budget dispute between the Italian government and the EU Commission, the
guardian of the Euro Stability Pact, had escalated in the final weeks and
months of last year. The right-wing government of independent Prime Minister Giuseppe
Conte, supported by major coalition partners and Deputy Prime Ministers Luigi
Di Maio (Five Stars) and Matteo Salvini (Lega), had presented a budget proposal
for 2019, which provided for a 2.4% increase in new debt.
justified by ‘investment needs’ in Italy as well as by a wide range of costly
social policies, such as a minimum income of €700 per month for some 1.7
million vulnerable families. Also on the list were a reduction in the
retirement age to improve the job situation for younger job-seekers and tax
cuts for medium-sized companies.
guardian of the Euro Stability Pact, 'Brussels' rejected Italy’s budget proposal,
which would have nearly tripled the permissible increase in debt. After weeks
of hefty rowing and in the light of the EU’s threat to trigger the excessive
deficit procedure that (theoretically) could have led to huge fines in Italy,
'Rome' presented a modified budget with a new debt increase of ‘only’ 2.04%,
which was finally approved by Brussels.
face it: the solution on the table is not ideal’, admitted Commission
Vice-President Dombrovskis. ‘But it allows us to avoid an excessive deficit
procedure at this stage. And it corrects serious non-compliance with the
Stability and Growth Pact.”
opinion of observers, the EU was initially at odds with the not exactly
‘pleasant’ Italian government made up of staunch Eurosceptics. This is exactly
what the Italian side took advantage of in order to show their voters the unpopular
‘paternalism of Brussels’ in Italy shortly before the European elections.
the Italian coalition sits relatively firmly in the saddle. It was able to do
well in local elections and the opposition, especially anyone who has ever
participated in an EU-compliant ‘technocratic government’ (Governo Tecnico),
currently plays an insignificant role.
more alarming were initial signals from the financial markets that predicted
sharply rising interest rates in Italy should the redistribution and spending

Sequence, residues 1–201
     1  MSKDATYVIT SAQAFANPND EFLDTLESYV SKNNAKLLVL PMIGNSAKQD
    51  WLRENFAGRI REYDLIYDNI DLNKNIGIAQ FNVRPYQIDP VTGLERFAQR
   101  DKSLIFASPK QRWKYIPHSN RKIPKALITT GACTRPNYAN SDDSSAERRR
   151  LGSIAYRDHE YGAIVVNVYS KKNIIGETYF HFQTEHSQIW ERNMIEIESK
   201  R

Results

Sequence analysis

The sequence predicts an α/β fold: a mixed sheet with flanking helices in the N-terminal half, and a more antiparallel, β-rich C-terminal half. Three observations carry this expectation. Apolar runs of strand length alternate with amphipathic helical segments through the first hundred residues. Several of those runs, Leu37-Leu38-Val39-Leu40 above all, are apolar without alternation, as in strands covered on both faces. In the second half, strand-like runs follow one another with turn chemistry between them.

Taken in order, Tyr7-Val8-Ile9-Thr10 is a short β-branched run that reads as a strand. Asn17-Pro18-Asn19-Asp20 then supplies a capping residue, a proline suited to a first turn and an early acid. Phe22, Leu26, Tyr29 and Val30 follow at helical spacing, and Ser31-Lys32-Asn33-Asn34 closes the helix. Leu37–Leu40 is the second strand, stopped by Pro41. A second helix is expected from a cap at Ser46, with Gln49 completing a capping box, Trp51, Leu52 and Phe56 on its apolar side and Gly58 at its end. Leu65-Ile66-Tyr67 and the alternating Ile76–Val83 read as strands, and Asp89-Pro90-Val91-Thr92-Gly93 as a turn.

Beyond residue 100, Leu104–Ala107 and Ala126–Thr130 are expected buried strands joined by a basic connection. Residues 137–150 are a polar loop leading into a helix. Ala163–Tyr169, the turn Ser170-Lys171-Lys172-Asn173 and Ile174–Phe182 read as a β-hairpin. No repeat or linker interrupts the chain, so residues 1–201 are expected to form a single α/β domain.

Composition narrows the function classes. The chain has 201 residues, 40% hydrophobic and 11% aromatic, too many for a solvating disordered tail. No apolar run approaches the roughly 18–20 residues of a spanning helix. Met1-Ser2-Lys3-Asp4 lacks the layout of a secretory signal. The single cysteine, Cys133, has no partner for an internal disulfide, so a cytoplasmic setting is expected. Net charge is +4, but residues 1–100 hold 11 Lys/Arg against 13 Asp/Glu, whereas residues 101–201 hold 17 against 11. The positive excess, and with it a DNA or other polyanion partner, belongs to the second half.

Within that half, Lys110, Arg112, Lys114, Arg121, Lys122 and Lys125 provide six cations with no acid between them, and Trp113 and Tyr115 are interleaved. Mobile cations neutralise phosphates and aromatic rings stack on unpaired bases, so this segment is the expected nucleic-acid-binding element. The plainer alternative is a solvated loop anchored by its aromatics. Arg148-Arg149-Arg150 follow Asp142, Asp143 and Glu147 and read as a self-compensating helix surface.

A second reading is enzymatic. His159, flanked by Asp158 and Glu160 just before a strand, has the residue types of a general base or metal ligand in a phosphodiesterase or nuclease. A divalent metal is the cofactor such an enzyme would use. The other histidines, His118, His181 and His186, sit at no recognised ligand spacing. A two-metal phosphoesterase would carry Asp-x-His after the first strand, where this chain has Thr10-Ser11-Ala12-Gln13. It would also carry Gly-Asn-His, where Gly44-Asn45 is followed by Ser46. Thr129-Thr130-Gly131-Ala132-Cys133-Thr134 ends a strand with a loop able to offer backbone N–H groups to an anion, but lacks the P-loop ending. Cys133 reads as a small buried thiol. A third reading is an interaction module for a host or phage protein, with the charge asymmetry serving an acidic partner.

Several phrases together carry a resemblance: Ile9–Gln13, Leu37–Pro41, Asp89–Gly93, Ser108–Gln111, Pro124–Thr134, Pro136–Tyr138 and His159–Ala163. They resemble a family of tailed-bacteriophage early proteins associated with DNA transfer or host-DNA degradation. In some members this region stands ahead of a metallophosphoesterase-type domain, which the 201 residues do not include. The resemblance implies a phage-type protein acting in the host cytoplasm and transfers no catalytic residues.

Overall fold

hike actually become a reality. Given Italy’s sovereign debt, highly negative ‘Target
II’ imbalances (a kind of overdraft for central banks), weak productivity and
the latent instability of financial institutions as a result of around €300-400
billion in potentially bad loans, just to name just the main risks, a rise in
interest rates would be highly dangerous.
there is no eurozone mechanism which could stem an actual bankruptcy triggered
by a series of bank failures. On the other hand, Italy needs investment and
massive reforms, both fiscal and social. The job prospects for university-educated
younger people in the real economy, which is looking for tradespeople and
skilled workers, is very problematic, and creating a ‘younger’ workforce is
almost impossible because of Italy’s labour law. Company redundancies are
difficult, and as a result there is not much new recruitment. Unlike
‘networked’ big business, small and medium-sized enterprises face one of the
most rabid tax systems in Western Europe.
with Rome quickly calmed the financial markets and allowed the Italian
government the triumph of having largely won. In light of the complicated way
of achieving this, the chances of punishing Italy with billions in fines seemed
rather unlikely anyway. Social benefits that cannot be actually implemented in
Rome, will be used this year in the European election campaign.
same time as the Italian-European budget dispute, the ‘yellow vest’ social
protests in France escalated. President Emmanuel Macron was largely
disenchanted with social policy and was forced to make costly concessions. Its revised
new-debt target – higher in percentage terms than Italy, albeit with lower
overall government debt – exceeds that allowed by the Euro Stability Pact.